You say you are seeing the message being sent out with a scope, how good is your capture? can you actually see it transmitting the full frame? or are you just seeing that the output is doing something? You probably need to feed the uC tx pin back into its own rx as well as the rx on the other uC. The CAN controller monitors the bus, when it transmits a dominant and doesn't see a change on its rx pin it probably assumes a bus fault.


EDIT: It looks like this will do the trick http://www.mikrocontroller.net/attachment/28831/siemens_AP2921.pdf
« Last Edit: July 23, 2014, 03:43:36 03:43 by mike_au » Logged
Tupperware
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« Reply #7 on: July 23, 2014, 08:47:24 08:47 »

EDIT: It looks like this will do the trick http://www.mikrocontroller.net/attachment/28831/siemens_AP2921.pdf

Looks like a reasonable solution for using CAN over short distances.  Doesn't help electrojit much though as he will still need another node to ACK his transmissions.  Maybe another PIC18 wired as that link suggested will be the easiest method for your testing?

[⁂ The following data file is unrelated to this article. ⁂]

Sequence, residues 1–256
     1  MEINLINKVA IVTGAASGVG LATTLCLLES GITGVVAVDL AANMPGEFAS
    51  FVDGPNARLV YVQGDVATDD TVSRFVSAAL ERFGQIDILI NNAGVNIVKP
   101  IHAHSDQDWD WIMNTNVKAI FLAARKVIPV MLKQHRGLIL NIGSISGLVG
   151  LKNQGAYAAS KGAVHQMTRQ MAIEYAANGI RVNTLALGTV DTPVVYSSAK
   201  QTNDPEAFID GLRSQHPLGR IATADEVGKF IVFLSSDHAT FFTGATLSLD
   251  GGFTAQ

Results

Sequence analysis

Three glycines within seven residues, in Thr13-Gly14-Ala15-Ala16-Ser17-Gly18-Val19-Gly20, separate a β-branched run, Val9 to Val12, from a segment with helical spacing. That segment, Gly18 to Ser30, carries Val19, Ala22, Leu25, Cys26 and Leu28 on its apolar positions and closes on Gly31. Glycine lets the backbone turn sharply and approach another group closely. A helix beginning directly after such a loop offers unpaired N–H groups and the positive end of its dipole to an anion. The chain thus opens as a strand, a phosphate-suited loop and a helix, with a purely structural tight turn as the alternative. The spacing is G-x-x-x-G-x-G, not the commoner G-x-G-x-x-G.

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pickit2
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« Reply #8 on: July 23, 2014, 09:19:50 09:19 »

well everyone can use the can protocol to implement a system that works in a similar way, but then it is not can.
you would find it almost imposable to change or add to as needs change.

Remember the RS protocol, you could not even have a single cable that you connect two items together, with so many standard pin-outs, not to count the number plugs & sockets.
In a piece of kit we used at my place of work we had the transceiver in the 9pin shell, that did not follow the standard wiring, just a way to tie in the customer to their system. 

As an exercise to use the can or ecan protocol without transceivers is just that, in the real world you do need to follow the way it works, and use transceivers.
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mike_au
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« Reply #9 on: July 23, 2014, 10:32:56 10:32 »

Doesn't help electrojit much though as he will still need another node to ACK his transmissions.  Maybe another PIC18 wired as that link suggested will be the easiest method for your testing?